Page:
French security guards strike over safety issues
Security guards employed by the CIT (Cash In Transit) group in France are to hold a nationwide strike on January 11. The strike was called on January 9—the day of the funeral of Jean-Luc Hulot, a guard who was murdered at an ATM (Automatic Teller Machines) in a Paris hospital.
The strike has been called by the Transport Workers' Federation, which is part of the Force Ouvrière trade union. Hulot's murder on January 5 led to the outbreak of unofficial strike action by security workers at other companies. The staff returned to work shortly after but are refusing to service ATMs in "dangerous" locations at some shopping centres and stations.
Workers have warned that unless adequate measures are taken to guarantee their safety, then another strike could be held like the one last year that paralysed the entire French ATM network.
UK steelworkers may ballot for industrial action against job losses
Steelworkers employed by the UK-Dutch steel maker Corus may ballot for industrial action following reports that the company plans to close one of its plants and force compulsory redundancies at other sites this week.
It is rumoured the company plans the closure of its plant at Llanwern in South Wales, which employs 3,000 people. It has also been rumoured that workers at its Scunthorpe plant would be laid-off.
The job losses follow an announcement last month by Corus that a major restructuring of its UK operations is to take place, including the loss of 4,500 jobs across the country. The company said that no final decisions have been taken about plant closures in the UK or eventual job losses.
The Iron and Steel Trades Confederation union said that a mass meeting would be held on January 27 to decide on whether a strike ballot should be held over the threat of job losses. Steelworkers' unions are currently meeting with Corus after the company requested talks.
Teachers in London to strike over staff shortages
Secondary school in North London have voted to take industrial action over staff shortages. This week teachers at Christ Church school in Barnet voted by two to one not to cover for absent staff. The staff are members of the NASUWT trade union. The staff are to strike on January 16, after the union gave seven days notice of its intent.
There is currently a severe shortage of teachers in the London region. NASUWT general secretary Nigel de Gruchy said of the proposed strike, "London teaching services have been kept afloat by thousands of young supply teachers coming from Australia, New Zealand and latterly South Africa. But increasingly, they have been used to plug permanent gaps so no one now is available to cover for staff absences, sickness, in-service training release and other short term matters.”
Irish bank workers to strike over jobs, pay and conditions
Employees at the Ulster Bank have voted to strike in a dispute over their jobs, pay and conditions. The 1,200 workers who took part in the ballot voted by more 81 percent in favour of industrial action. The ballot was organised by the Irish Bank Officials' Association (IBOA), which has 1,500 members at branches of the Ulster Bank.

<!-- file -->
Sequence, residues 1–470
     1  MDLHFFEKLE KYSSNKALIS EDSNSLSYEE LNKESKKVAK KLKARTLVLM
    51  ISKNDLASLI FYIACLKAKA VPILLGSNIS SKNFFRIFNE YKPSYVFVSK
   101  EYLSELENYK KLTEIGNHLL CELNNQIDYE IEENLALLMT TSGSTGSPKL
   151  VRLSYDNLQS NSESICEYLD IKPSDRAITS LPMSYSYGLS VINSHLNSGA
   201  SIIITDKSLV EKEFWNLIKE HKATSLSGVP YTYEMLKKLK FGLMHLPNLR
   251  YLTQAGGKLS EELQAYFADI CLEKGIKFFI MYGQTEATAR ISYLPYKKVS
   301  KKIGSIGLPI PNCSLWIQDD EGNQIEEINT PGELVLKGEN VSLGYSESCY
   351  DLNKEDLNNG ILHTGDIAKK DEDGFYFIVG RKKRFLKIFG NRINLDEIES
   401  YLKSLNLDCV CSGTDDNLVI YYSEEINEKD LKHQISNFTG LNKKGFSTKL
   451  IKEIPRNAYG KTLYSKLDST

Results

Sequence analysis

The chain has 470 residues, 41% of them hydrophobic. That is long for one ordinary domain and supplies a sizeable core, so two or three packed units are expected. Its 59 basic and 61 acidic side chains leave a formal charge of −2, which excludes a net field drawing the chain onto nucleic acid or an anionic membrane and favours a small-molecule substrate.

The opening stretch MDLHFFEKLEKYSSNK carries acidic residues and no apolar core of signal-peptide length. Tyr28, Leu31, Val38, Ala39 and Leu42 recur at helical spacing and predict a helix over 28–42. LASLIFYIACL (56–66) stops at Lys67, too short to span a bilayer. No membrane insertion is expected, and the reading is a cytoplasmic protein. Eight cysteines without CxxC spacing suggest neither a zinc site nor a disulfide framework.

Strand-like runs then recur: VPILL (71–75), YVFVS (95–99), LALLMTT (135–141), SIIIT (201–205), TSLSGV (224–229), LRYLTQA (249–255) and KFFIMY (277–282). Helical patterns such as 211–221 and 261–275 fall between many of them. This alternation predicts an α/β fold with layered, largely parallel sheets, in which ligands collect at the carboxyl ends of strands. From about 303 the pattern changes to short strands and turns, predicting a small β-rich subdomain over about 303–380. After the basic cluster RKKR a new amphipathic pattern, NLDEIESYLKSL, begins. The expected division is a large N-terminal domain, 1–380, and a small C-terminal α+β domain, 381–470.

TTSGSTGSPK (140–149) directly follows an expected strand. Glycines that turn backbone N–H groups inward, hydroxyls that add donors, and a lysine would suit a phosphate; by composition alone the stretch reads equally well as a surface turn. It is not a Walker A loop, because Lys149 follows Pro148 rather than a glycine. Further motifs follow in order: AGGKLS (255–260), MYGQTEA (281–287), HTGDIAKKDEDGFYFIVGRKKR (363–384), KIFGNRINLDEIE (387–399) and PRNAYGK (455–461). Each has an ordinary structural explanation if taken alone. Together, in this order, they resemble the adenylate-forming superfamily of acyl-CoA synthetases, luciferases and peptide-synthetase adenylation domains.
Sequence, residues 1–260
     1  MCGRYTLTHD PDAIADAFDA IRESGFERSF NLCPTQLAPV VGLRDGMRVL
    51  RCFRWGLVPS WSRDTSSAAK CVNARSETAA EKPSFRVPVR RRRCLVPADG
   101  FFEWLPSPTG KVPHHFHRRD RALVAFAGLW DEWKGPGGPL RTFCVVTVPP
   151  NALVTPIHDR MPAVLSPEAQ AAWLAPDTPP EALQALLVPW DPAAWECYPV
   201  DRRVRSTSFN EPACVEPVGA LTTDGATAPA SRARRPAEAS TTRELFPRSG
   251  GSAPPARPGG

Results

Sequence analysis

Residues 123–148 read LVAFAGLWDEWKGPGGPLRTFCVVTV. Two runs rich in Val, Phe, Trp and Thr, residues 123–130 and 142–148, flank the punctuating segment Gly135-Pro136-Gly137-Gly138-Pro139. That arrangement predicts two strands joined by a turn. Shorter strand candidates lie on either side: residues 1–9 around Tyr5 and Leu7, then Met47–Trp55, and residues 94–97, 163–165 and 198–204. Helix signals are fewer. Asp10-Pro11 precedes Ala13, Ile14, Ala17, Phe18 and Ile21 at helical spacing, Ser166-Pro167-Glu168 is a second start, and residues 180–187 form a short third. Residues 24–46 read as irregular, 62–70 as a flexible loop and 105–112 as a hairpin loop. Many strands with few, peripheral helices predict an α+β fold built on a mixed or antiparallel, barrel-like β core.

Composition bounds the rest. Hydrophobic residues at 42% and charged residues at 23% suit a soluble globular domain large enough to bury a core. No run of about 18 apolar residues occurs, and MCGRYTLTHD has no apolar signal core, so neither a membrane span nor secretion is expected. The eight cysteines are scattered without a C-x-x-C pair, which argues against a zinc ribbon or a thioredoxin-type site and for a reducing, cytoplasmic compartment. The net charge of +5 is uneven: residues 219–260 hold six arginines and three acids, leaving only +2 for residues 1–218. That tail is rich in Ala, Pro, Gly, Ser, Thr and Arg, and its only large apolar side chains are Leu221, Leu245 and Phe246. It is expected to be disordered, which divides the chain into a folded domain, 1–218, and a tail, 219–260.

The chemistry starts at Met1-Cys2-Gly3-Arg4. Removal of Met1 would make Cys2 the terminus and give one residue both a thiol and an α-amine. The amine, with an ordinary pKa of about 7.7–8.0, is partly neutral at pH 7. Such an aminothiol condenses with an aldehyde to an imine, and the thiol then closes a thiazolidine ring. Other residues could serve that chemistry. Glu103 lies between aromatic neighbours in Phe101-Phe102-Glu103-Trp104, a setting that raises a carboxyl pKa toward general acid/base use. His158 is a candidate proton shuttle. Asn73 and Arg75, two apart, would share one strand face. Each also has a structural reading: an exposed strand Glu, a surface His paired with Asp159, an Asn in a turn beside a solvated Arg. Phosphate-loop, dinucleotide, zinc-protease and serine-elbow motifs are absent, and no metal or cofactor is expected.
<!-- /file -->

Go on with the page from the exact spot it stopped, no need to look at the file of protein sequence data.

Members of the union fear that the bank may be planning compulsory redundancies and cuts in pay as part of a restructuring programme. It has been reported that staff may be forced to reapply for regraded jobs on a lower rate of pay.
The bank—along with its parent bank, National Westminster—was taken over by the Royal Bank of Scotland last year, which announced that it would introduce a "change programme" designed to make the bank more competitive.
The union has stated that it will only strike if the redundancies are carried out and that it was more than happy to discuss restructuring. The cross-border bank has 117 branches in the Irish Republic and a further 94 in Northern Ireland. In the Republic 95 percent of staff have already come out in favour of strike action.
Malawi nurses call off national strike
A nation-wide strike of nurses that paralysed hospital services over the Christmas period was called off on January 3, when the Malawi government agreed to allocate houses to nurses and set up a task force to address their grievances.
The striking nurses were demanding a general improvement in working conditions and protesting against the government's decision to suspend allocation of houses to civil servants, except those on essential services like security forces and doctors.
Nurses Association President Georgina Chinula insisted that nurses provided an essential service. "Doctors and nurses work hand-in-hand. Without nurses doctors are handicapped," she said.
Government authorities claimed the strike was illegal. Nurses returned to work after receiving assurances from their National Association and government that no one is to be punished for the strike.
Striking Zambian Council Workers Stage Mock Funeral
Hundreds of striking local council workers staged a mock funeral in the northern Zambian copper mining town of Mufulira on January 8. They marched through the town, behind a council hearse and wearing mourning apparel, to demonstrate the fact that some of them are dying of hunger because they have not been paid since last May.
The hearse was plastered with posters denouncing the ruling Movement for Multiparty Democracy (MMD), Zambian President Frederick Chiluba and District Administrator Paul Chaikatisha, whom they had earlier threatened to beat up when he tried to talk to them.
The demonstrators sang funeral songs and carried placards bearing slogans like "Fake term for Chiluba means another five years of hunger for council workers," and "MMD serial killer". They locked the council chamber and the administration block, bringing the entire council to a halt.